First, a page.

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What do we do when our reality is traded for a new one? How do we let go of what we can’t control, influence what we can, and embrace our new normal?
I can’t seem to jump very well anymore. For a while my strength was improving, but recently it seems that I haven’t so much hit a plateau as much as my body has decided to take a different path. I first noticed it when I had to exert a lot more effort to spring myself into the air for box jumps in physical therapy. (At least I can do them. About this time last year when my physical therapist tried to introduce them I was in tears with anxiety.)
I’m noticing it quite a bit in taekwondo. It’s harder to get off the ground, hike my knees up, and heaven forbid if I have to add a kick (or even worse, a twist) at the apex of that jump. It’s exhausting, and I feel like my legs are made of lead. My thoughts alternate between, “Come on, Black Belt, you’ve got this!” and “What’s wrong with you, Black Belt? Kids can do this. Maybe you don’t deserve your belt.” I feel like I should apologize to my instructors for being a disappointment.
I suppose I am entering a phase of a new normal. Maybe I just haven’t quite accepted the fact that I am not the kickass gazelle bouncing around that I see in my head when I’m in taekwondo class. I’m almost 40 years old, and in reality I’m lamely spazzing around in a too-big uniform that feels like a soaking wet king size bedsheet when I sweat. Despite my brain yelling “GO! GO! GO!” I’m slow in sparring matches and am finding the more gravity-defying aspects of my martial art increasingly difficult.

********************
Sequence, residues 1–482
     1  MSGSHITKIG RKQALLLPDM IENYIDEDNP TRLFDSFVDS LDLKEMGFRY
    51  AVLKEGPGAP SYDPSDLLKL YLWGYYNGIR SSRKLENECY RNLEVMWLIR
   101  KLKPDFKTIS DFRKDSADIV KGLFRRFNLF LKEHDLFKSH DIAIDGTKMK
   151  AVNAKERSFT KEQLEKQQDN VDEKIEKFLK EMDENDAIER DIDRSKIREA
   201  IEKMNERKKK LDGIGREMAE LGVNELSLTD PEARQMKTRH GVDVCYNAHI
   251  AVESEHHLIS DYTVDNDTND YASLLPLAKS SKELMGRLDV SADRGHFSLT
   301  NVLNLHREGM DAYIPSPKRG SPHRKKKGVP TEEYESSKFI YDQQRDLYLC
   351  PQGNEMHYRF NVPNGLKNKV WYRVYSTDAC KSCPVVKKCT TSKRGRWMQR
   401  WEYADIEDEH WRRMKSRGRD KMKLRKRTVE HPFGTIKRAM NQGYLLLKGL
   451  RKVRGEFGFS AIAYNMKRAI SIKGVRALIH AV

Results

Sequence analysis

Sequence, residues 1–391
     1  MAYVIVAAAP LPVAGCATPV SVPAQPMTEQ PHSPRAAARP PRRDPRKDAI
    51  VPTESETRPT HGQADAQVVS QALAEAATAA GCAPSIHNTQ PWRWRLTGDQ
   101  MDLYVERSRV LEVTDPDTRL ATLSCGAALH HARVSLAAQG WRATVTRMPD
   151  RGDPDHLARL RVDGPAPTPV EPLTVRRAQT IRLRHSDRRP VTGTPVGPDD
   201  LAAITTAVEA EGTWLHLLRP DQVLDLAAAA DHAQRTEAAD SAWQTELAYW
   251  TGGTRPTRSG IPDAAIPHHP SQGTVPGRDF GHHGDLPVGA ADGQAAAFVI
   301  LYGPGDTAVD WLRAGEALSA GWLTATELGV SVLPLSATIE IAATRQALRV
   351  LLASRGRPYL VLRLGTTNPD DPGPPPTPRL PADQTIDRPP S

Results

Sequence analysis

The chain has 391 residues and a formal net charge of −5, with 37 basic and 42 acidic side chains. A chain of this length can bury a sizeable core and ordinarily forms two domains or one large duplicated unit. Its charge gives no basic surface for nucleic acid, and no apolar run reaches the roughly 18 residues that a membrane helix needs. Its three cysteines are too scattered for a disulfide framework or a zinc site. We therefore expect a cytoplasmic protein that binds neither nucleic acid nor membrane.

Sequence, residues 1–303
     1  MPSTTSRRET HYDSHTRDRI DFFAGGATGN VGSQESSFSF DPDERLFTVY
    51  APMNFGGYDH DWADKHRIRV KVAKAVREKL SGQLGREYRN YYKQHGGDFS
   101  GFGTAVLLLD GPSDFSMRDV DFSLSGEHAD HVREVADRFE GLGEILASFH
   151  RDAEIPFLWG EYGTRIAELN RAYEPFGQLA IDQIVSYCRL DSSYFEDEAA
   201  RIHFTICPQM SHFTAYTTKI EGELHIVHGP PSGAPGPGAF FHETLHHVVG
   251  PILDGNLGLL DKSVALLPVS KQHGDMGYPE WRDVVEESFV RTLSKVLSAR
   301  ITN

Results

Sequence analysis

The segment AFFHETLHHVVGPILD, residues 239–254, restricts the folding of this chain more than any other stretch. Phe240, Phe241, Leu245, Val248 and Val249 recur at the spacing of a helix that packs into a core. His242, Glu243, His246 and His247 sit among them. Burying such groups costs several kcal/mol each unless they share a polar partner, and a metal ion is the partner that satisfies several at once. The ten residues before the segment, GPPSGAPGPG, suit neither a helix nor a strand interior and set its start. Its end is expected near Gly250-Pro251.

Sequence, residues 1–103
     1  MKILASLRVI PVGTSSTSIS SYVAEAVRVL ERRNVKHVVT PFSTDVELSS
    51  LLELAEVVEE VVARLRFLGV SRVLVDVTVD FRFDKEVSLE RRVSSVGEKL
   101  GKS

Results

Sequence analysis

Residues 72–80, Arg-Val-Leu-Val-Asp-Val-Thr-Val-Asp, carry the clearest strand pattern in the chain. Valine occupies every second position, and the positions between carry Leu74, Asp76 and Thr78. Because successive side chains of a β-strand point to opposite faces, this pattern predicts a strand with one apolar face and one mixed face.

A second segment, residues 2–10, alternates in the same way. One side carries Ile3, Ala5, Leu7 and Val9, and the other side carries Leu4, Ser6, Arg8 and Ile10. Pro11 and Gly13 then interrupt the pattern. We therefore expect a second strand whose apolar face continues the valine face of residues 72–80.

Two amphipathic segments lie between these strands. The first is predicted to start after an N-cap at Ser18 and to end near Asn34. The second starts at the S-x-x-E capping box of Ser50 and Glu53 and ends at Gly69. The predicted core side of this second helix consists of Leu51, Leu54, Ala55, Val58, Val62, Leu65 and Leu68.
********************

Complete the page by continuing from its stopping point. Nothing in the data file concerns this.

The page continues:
It’s frustrating that when I’ve reached the age, maturity level, and belt rank to understand the nuanced mechanics of taekwondo, my body can’t do them either at all or not very well. Although I sincerely believe I had to leave taekwondo as a child and go through a bunch of stupid shit for the next 20 years to find myself and find my way back to the dojang, it makes me wonder. Had I continued taekwondo into my teens or even stopped and taken it up again in my twenties rather than my thirties, would my muscles, nerves, bones, and brain would be more finely tuned to and more adeptly able to execute the movements that are becoming harder and harder for me to pull off?
Perhaps I’m not as hopeless as I think. Perhaps this is a new “normal” state of fitness for me: I easily swam for an hour this morning. Despite having to really haul ass in physical therapy to do my exercises, my jumps were pretty good today (I DID get my knees up and clear my boxes and land softly like a kitty ninja), my balance had improved, and I did nearly 9 continuous minutes of holding planks. And y’all, I can do a form like nobody’s business. Not bad, Black Belt.
Plus, I’ve noticed improvement in the more advanced aspects of taekwondo, notably around self-defense. In the end that’s rather what I’d be good at anyway. I can probably go my whole life without ever needing to do a 540 kick–good because I can’t do it anyway. Some of my kicks–the ones on the ground anyway–have become more solid and make more of an impact, which serves me better in a fight than more complicated kicks.
For my fellow martial artists reading this, I’m not discounting more complicated airborne kicks. This is not sour grapes because I can’t do them. Many people not only do them beautifully but do them effectively . When you’ve been whomped in the chest by someone slamming into you with a 360 roundhouse you appreciate that kick very much.